I knew that, but getting to know P taught me that Jesus died for her.  My heart didn't hurt for my school, it broke for this one girl.  Just one little teenager huddled in the back of a trailer classroom with huge brown eyes and a very real broken heart.

Wednesday, November 21, 2012

On Baking Bread.

I was just on the phone with my mom, talking about baking bread.
I was telling her about how I'm getting ready to attempt making some whole wheat honey bread for tomorrow, and she was talking about how she often makes sourdough.  So we discussed the different processes of the bread-making (I know, don't you wish you were us?).
We talked about how sourdough bread sometimes takes longer to rise than whole wheat bread. 
We brought up the fact that though the process is similar, it's also different.  
Some breads take more kneading, or less rising time, or a different kind of flour.  Some breads are more dense while others are lighter, fluffier.

Just minutes later, I'm sitting here confessing to Jesus my frustration with the my never-ending battle against comparison.  And I'm pouring my heart out to Him about a sweet friend of mine and the tough stuff she's been handed, wondering why it's so hard for her right now and so different for others.

Immediately, I think about the bread.  
I hear my mom's matter-of-fact-ness, "Some breads bake quicker than others."
And I remember telling her why I must use one type of flour to balance out another so that the bread turns out just right.

I don't understand why certain things are the way they are. 
But I know that the end product will be beautiful if we allow the process to take place.

I don't know why some people experience more or less moments of tightness or infertility or loneliness or exhaustion or whatever your something is.

The process is different for every. single. loaf.

And if we get caught up in looking at our process versus her process or our time in the heat or the darkness or the kneading versus hers, we'll get nothing but confusion and dissatisfaction.

Because it's more than likely the Baker is doing something different with you than He is with me.  And we're both going to be delicious and beautiful when we're finished; we'll both offer a sweet aroma if we just submit to the timing and the ingredients we're given.

Tomorrow is Thanksgiving, and I want to claim that I'm thankful for the moments of knuckling and kneading, of darkness and instability, of heat and change.  I mouth it, and then I voice it, and along the way, my soul cries it out to her Maker: thank you.  I thank Him for this process.  And I thank Him for her process, and your process, and for the glorious, wonderful work He is doing in you and for what you will become.

Thursday, November 15, 2012

The Cosmic Void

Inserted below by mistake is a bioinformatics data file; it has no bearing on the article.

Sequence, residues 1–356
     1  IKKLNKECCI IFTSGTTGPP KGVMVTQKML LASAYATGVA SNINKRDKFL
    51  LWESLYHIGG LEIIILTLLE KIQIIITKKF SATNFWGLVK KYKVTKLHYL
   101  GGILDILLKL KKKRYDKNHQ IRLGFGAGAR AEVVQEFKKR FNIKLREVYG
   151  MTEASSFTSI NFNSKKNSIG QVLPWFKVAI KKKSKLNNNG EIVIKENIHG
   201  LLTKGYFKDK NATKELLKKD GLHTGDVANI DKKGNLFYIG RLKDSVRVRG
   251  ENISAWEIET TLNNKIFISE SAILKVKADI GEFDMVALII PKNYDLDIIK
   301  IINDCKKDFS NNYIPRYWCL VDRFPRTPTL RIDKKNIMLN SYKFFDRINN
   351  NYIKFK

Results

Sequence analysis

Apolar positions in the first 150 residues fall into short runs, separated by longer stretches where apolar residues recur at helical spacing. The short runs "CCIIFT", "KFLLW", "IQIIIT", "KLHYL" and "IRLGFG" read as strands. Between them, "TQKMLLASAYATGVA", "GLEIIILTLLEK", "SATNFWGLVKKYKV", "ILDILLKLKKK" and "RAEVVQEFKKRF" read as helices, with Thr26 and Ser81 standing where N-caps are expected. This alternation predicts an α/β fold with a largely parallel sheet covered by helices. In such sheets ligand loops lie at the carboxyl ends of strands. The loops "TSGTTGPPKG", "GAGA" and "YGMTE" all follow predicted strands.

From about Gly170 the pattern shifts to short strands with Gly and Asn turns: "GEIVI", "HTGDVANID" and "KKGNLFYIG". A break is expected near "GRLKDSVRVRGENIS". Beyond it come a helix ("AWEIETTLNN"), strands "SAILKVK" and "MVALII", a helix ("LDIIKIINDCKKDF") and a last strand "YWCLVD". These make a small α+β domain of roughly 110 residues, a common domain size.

So, I've been trying to write myself here onto this blog.
It's been hard.

How to you share your story when it's not finished yet?
Will it ever feel finished enough to share?

At what point will I feel full enough of experience, of wisdom?

I don't really know.  I just throw these questions out into the "cosmic void" (name that quote and I'll give you a hug).

When will I stop saying that my "dream" is to write?

When will I feel comfortable in "writer" skin, not just "dreamer" skin?

How does a simple missionary-turned-preacher's daughter and worship-pastor's wife make a change?

How do you spend tears and prayers and hopes on a dream and not have the first inkling of how to step into it?

There are no answers, I know.  It's just where I'm at, where I've always been.

Recently: a photo post!

We went to the pumpkin patch.  And we found a huge red chair.

Some lovely, lovely friends were the best kind of company!
(Chelsie blogs!)

Spending time with my boys in the middle of fall... it's perfection.

Also, I got to photograph my brother and his beautiful fiance, Jackie.

Ah, sweet love.

I'll get back to my story soon.  I just couldn't resist sharing the latest fun!

Monday, November 12, 2012

An apology to all of my pre-Billy BFFs. Also, an explanation.

I found a note the other day from when I was eleven.
I tucked it away in some journal (an unfinished one) and promised to take it out when I found what I was looking for:
(My Most Sacred Wish: To have a very best friend to talk to and lean on when my days are sad.  Someone who won't let me down.  A Christian, and who lives close by.  I will pray and take this out when answered.)

Rereading it, my heart pounds a little harder and I feel that old familiar longing sitting, waiting, so so heavily on my chest.

All I wanted, all I asked for, was just one person.  Just one that would be mine.  Someone to be always for me.  One person that would pick me over and before any. other. person.  I was oh-so-willing to be this for somebody else, but I wanted it in return, too.

It sounds simple, but when you are a little more than awkward growing up because you carry your feelings and your dreams as if they're weighted in gold and then get mortally wounded when you share those heart-nuggets and the recipient doesn't treasure and cherish and love it like you do, you can feel pretty lonely.  (Please don't kill me for that run-on).

I remember one painful, gut-wrenchingly lonely day with my broken heart sitting on the kitchen table and my mom trying her best to sew it back up.

I remember begging her for an answer.  I wanted to know just why what I seemed to need from a friend was just so much more than what others required.  I had never asked to be this way.

Finally, with a smile in her eyes, she leaned back in her chair, looked at me in her straightforward manner, and she declared, "Sarah what you are looking for is a husband."
This is the part where I apologize to the pressure I may have put on my middle school and high school friends to be that ONE friend.  I may have missed out on some fun, lighthearted times wallowing in my loneliness.  Sorry, ya'll.

She was right, but I was only sixteen.  Thankfully, my parents also taught me how to rely on God for my everything, and He carried me through those painful, alone and having-everyone-but-no-one-to-call moments and years.  HE was my best friend, and still is.  He is for me, even when I feel alone in my current season...
Believe me, even though I have a true BFF in that sweet husband of mine, I still have those moments.  
I still need Jesus first and more than I need any friend of this world.